SAN FRANCISCO—There was a time when great service at a restaurant meant a friendly smile, an attentive—but not too attentive—server, and hot, well-prepared food. These days, good service still means all of those things, but it can be augmented with technology. Guests can sit down at a table in a restaurant or in an F&B area, order on a tablet and pay for their meal that way, too—even splitting the bill between several different cards if they want. Technology has made the guest-facing aspect of serving food easier—so why haven’t more restaurants and hotels moved toward doing the same back-of-house?
“Food operations is the last major part of the technology upgrade cycle that began with POS systems and has included everything from online marketing software, to plasma screens and iPads, to display menus,” said Aaron Cohen, co-founder and VP of business development for CoInspect, an inspection application that makes it easy to manage compliance, brand standards and daily operations across any organization.
However, he said, that’s all about to change. “As we speak, 90% of the restaurants in America use pen and paper as their core safety and standards management technology; I think this number will be 10% in five years,” Cohen said.
And, he noted, the industry will be better off for it. Checklists are important, of course, but all involved entities need to be able to access those checklists to make sure safety and standards are being met. Additionally, a written checklist might work for one property, but it doesn’t allow an owner to assess trends across multiple hotels or restaurants.
“In the technology industry, we refer to written data as unstructured. This means we can’t access or analyze it,” Cohen said. “Every day, hotel managers check rooms, restaurant managers check tables, and chefs have to ensure that the refrigeration standards are up to code. Almost all of that data never gets structured. So, is there a correlation between revenue and room cleanliness? With unstructured data, we can’t analyze that. Are same-store sales higher at restaurants with nicer landscaping, cooler air conditioning, or cleaner floor mats? We don’t know,” he said. But with a mobile application like CoInspect, managers can.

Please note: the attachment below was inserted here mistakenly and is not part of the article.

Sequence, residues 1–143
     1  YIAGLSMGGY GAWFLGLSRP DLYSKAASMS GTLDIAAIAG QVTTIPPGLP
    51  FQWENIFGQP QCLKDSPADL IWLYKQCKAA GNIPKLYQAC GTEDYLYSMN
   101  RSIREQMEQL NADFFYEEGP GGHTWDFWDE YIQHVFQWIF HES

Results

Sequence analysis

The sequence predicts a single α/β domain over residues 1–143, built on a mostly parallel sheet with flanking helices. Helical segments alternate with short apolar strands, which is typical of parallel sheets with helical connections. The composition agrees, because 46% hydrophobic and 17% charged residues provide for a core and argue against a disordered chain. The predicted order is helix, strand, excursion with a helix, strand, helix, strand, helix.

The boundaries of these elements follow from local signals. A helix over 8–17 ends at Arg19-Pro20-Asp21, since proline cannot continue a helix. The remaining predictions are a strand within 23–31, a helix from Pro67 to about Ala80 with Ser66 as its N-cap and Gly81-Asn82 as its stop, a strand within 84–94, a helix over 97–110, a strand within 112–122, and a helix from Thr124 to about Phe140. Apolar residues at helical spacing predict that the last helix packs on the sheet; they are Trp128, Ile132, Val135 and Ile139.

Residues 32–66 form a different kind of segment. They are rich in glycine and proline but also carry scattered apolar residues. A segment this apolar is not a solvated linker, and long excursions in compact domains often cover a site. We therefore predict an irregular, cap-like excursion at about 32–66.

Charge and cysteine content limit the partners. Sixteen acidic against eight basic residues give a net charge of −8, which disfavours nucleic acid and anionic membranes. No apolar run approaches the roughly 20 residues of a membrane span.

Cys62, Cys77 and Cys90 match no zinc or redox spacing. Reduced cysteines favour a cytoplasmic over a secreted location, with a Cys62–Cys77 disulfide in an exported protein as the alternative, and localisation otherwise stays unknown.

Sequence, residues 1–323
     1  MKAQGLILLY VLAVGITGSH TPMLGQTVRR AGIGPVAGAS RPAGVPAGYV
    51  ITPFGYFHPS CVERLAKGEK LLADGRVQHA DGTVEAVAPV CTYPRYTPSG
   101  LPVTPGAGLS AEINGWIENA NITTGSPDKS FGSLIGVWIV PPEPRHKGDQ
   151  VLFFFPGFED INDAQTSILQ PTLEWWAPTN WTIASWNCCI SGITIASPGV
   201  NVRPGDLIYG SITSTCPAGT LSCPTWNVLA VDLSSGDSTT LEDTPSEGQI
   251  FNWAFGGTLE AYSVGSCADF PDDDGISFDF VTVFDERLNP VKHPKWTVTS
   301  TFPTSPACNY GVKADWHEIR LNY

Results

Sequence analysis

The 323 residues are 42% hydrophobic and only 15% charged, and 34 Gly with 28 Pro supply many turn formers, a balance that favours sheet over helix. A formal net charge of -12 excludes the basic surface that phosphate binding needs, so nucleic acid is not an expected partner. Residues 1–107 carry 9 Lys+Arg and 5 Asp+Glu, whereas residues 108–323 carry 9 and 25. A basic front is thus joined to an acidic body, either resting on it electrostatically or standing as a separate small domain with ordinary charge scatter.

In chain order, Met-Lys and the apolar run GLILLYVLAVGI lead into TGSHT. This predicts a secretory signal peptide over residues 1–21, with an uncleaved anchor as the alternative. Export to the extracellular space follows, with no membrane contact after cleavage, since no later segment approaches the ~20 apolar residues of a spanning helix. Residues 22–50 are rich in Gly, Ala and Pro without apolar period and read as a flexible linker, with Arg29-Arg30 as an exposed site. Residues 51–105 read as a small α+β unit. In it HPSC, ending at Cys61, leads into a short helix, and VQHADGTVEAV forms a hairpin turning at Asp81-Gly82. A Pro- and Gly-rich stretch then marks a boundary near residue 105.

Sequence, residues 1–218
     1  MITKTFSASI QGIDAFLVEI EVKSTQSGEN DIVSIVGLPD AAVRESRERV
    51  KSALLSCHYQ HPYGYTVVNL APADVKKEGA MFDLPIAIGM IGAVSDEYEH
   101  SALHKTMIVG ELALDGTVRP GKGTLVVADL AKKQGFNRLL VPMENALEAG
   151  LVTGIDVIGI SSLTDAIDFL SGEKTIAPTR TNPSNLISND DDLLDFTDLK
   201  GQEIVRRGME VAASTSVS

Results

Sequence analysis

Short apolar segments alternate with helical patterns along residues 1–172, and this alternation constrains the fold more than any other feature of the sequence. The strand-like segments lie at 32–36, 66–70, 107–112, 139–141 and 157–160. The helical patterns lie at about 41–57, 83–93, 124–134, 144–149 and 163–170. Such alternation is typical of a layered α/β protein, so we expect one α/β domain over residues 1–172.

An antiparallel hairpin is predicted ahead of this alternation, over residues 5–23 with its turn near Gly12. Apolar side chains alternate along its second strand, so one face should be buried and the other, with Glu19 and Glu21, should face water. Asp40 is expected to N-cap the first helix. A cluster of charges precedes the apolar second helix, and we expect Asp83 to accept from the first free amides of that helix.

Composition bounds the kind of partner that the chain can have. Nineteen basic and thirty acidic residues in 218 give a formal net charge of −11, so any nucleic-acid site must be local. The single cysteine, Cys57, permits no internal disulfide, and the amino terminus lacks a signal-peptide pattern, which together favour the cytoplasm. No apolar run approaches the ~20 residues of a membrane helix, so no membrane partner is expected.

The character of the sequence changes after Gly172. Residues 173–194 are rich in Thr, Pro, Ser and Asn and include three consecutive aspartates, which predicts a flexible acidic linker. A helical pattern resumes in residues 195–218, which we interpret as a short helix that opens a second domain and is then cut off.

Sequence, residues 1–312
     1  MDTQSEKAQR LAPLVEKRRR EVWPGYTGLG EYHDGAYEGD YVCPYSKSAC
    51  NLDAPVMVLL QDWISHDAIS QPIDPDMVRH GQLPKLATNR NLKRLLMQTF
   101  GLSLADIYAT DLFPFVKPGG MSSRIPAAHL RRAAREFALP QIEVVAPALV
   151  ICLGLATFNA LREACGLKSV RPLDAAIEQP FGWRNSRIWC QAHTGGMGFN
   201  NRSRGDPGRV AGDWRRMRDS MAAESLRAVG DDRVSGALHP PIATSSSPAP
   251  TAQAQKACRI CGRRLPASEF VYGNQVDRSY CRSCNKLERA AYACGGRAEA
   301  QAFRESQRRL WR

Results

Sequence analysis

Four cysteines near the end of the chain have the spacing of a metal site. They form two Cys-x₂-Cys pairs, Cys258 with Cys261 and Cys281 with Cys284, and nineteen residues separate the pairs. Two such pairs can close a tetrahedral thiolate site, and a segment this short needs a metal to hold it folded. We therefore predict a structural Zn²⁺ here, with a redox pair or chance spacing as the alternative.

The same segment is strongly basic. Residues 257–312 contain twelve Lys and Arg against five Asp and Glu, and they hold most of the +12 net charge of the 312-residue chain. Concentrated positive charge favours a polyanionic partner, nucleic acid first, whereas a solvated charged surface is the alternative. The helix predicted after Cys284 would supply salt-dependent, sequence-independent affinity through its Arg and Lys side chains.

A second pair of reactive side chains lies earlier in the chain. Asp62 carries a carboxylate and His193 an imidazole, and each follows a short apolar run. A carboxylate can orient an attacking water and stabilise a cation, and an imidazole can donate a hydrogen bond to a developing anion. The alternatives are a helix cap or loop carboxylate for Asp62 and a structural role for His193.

Reflecting on the fact that many restaurants have upgraded guest-facing technology, Cohen said, “Hospitality is an enormously customer-focused industry. Compare a DoubleTree hotel to, say, CVS or Comcast? The service experience is usually vastly different. However, sometimes the industry thinks a better menu app or a cool self-check-in feature will impress guests more than simple execution. Most people want delicious food, consistently prepared and served expertly.”
However, he said, back-of-house inspection tools play a huge part in that guest satisfaction. After all, a meal isn’t going to be pleasing if the chicken has spoiled because the temperature measurement on the restaurant’s refrigerator or freezer is off, or because employees aren’t properly handling and preparing the gluten-free menu item that the guest with Celiac disease requested. “The best way to ensure performance is to measure standards with checklists and measure the outcomes,” Cohen said.
There are several benefits to upgrading technology. Among them are creating shareholder value, and increasing productivity, accuracy, quality and compliance in the workplace. “Standards management software lowers labor and food costs through higher efficiency and less overtime for managers,” Cohen said. He also added that there is a reduction of food spoilage in high-customer-volume restaurants.
The other major benefits have to do with employees: Namely, boosting employee engagement and reducing employee turnover, which is a major ongoing challenge in the hospitality industry. The modern American employee—especially millennials and Generation Z, the latter of which has never lived in a world without laptop computers and mobile phones powered by the internet—is used to a digitally connected world. Shopping, banking, connecting with friends—today’s digital natives do everything via smartphone or app, so there’s a disconnect when a workplace expects them to complete tasks via pen and paper—or even Excel spreadsheets.
“Younger employees (millennials and Gen Z) expect to use their phones for everything,” Cohen said. “Not only must the hospitality industry upgrade its operating technologies, but these employees need access to benefits, payroll and training modules online.”
What should hotels and restaurants be looking at when choosing an application to upgrade their back-of-house food and beverage operations to the mobile world? Cohen said there are several key criteria to focus on. First, a user-friendly interface. “Ease of use for the employee is key,” he said. “If people can’t use it, what good is it?”
Second, ease of change management. Cohen said that owners should ask themselves: “Can this be easily implemented across our enterprise, or do we need complex integrations with different vendors and many interactions with the technology company?”
And, finally, flexibility. “Companies have individual priorities and don’t want to have to adjust their systems for the sake of the software,” Cohen said. “Good technology solves problems for companies and should never be the opposite.” HB